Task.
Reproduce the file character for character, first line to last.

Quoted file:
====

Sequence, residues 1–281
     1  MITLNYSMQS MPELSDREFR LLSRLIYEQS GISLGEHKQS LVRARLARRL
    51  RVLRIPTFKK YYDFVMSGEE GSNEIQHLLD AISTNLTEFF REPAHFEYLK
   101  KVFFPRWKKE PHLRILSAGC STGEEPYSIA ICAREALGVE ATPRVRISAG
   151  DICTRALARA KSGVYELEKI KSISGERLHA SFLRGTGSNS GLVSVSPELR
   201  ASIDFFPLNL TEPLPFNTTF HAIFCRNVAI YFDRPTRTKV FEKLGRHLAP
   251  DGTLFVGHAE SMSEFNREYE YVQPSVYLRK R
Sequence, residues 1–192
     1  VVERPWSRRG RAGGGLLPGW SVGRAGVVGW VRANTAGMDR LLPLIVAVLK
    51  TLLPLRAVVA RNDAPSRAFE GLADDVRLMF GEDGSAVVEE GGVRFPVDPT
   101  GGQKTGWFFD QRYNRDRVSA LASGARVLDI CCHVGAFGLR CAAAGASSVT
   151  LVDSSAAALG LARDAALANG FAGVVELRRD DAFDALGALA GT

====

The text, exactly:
Sequence, residues 1–281
     1  MITLNYSMQS MPELSDREFR LLSRLIYEQS GISLGEHKQS LVRARLARRL
    51  RVLRIPTFKK YYDFVMSGEE GSNEIQHLLD AISTNLTEFF REPAHFEYLK
   101  KVFFPRWKKE PHLRILSAGC STGEEPYSIA ICAREALGVE ATPRVRISAG
   151  DICTRALARA KSGVYELEKI KSISGERLHA SFLRGTGSNS GLVSVSPELR
   201  ASIDFFPLNL TEPLPFNTTF HAIFCRNVAI YFDRPTRTKV FEKLGRHLAP
   251  DGTLFVGHAE SMSEFNREYE YVQPSVYLRK R
Sequence, residues 1–192
     1  VVERPWSRRG RAGGGLLPGW SVGRAGVVGW VRANTAGMDR LLPLIVAVLK
    51  TLLPLRAVVA RNDAPSRAFE GLADDVRLMF GEDGSAVVEE GGVRFPVDPT
   101  GGQKTGWFFD QRYNRDRVSA LASGARVLDI CCHVGAFGLR CAAAGASSVT
   151  LVDSSAAALG LARDAALANG FAGVVELRRD DAFDALGALA GT